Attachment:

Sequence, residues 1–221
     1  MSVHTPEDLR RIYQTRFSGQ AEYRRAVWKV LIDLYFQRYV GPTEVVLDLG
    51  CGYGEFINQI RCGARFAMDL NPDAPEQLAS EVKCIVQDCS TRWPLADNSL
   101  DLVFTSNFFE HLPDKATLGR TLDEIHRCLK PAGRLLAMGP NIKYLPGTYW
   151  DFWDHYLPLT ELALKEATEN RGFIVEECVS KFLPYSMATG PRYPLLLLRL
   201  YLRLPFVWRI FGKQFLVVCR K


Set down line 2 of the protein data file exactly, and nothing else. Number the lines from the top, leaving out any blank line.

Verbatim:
     1  MSVHTPEDLR RIYQTRFSGQ AEYRRAVWKV LIDLYFQRYV GPTEVVLDLG